And about Annie… Annie is Annie. She was suffering from the loss of George, Nina and Mitchell, busy with the baby she had promised to bring up and faced with an empty house. It made perfect sense to invite Hal and Tom to move in but although they became close in some ways they never bonded fully. Partly preoccupation with Splodge, partly fear of being left alone again – the one thing that Annie is truly scared of is loneliness. Once she was tempted through the door with Splodge of the Resistance (SotR) and saw the bleakness of the future (“Oh, do people have jetpacks?” “No. Mostly everyone’s dead”) everything changed and her horror of what she had to do was harrowing to watch. Even when SotR pleaded from the TV to let Cutler kill the baby she couldn’t do it and when she finally went out with a bang – exploded baby and all – it was the right end. I mean, she only saved the world! That’s one hell of a box of unfinished business…
We got to know Tom, set free from his Dad’s shadow and his rusty blue van. He gave the van to Dewi and moved into HH (“Such a big ‘arse, wiv all them empty rooms”) He proved a worthy lead character, blending ruthless killer with lost boy, trust and mistrust with a naive charm that endeared him to all and sundry. His desire for a happy family life was thrown into painful contrast with his willingness to send Allison away, it was beautifully done and she has to be thanked for his hilarious adventures with cue cards. (“Point!”)
Hal had some wonderful comic sciences with Tom (“I’m his boyfriend” though firmly gritted teeth) and at times he looked like a startled toddler! Mostly though Hal’s watchful stillness let the story wind around him and the others reflect off him. We had hints of his past from the prequel and from Fergus (Poor Fergus – I was just getting like him when he hit the hoover…) It wasn’t until episode seven that we saw just why he had been so feared. It was a classic BH penultimate episode and the story of how he made Cutler, and then how he took what he had made and played with him like a cat. Such utter coldness, such total cruelty. That Hal had no redeeming quality whatsoever. Not a thing.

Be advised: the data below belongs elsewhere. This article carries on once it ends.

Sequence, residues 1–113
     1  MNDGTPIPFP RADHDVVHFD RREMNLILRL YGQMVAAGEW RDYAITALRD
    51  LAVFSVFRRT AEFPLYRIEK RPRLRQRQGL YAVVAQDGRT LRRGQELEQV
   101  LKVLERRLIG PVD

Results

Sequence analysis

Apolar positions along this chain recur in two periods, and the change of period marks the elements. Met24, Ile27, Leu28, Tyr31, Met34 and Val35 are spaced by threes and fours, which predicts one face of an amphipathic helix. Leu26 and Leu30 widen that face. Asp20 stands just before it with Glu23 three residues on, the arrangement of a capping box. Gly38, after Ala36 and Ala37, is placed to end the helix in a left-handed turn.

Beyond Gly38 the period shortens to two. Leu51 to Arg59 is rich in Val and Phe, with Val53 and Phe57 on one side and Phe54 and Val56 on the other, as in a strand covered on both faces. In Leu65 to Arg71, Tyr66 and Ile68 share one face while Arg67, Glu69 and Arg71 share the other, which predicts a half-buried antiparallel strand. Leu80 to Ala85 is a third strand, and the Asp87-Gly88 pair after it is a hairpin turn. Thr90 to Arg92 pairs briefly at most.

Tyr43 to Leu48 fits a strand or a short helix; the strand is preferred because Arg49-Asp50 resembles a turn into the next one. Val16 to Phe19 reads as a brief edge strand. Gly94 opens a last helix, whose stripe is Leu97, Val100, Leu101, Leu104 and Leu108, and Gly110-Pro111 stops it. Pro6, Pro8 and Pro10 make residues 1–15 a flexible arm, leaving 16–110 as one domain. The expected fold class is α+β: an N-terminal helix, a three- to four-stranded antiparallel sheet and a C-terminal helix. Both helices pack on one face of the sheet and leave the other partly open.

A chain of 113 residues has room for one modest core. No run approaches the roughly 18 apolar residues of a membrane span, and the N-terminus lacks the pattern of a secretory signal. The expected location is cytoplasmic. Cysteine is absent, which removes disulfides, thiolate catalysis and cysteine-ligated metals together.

It put Cutler in perfect focus – sarky sharp talking Cutler – a very modern vampire using social media and press hysteria to “provide a new context”. Of course no one was keen – the vampires aren’t exactly a progressive bunch! He was an interesting prospect in that while he drank blood, no angsty going clean here, he seemed to avoid killing. I suspect he didn’t like to stain his cuffs and a mouthful from the decanter seemed to suffice. He was desperate to prove himself, he was ambitious and confident and I’d have liked to have seen more. A 21st century vampire, never parted from his iPhone, a solicitor and a progressive thinker; it’s an intriguing idea and puts the undead even more firmly into real life than the shadowy, invisible jobs usually favoured.
The gore quotient was raised this series – of which I heartily approve! There’s always been plenty of blood but this year we had corpses not just ripped apart but bled tidily into containers and maggoty wounds (chewy!). We found out what happens when a vampire isn’t asked in – flame grilled rare hamburger – and what happens if an Old One wants your guts for garters… squelchy! And while we’re speaking of the unspeakable… oh dear SotR – yellow florals?? Why?
We also had classy blood drinking from this year’s crop of vampires, with crystal decanters and some rather attractive stemware. Plus the useful information that it is mostly beetroot juice. Apparently beetroot juice lowers blood pressure and increases stamina… I think I’ll just leave that thought right there!
Lots to look forward to – was that really the end of the Old Ones? Who is the mysterious Mr Rook? Who will rise? And will they ever get that carpet clean? Hal’s detox is bound to leave another mark or two…
All to be pondered on in the next post!
Be seeing you…
And right back to the start of the build up… when did you last watch Hal and Tom’s prequels?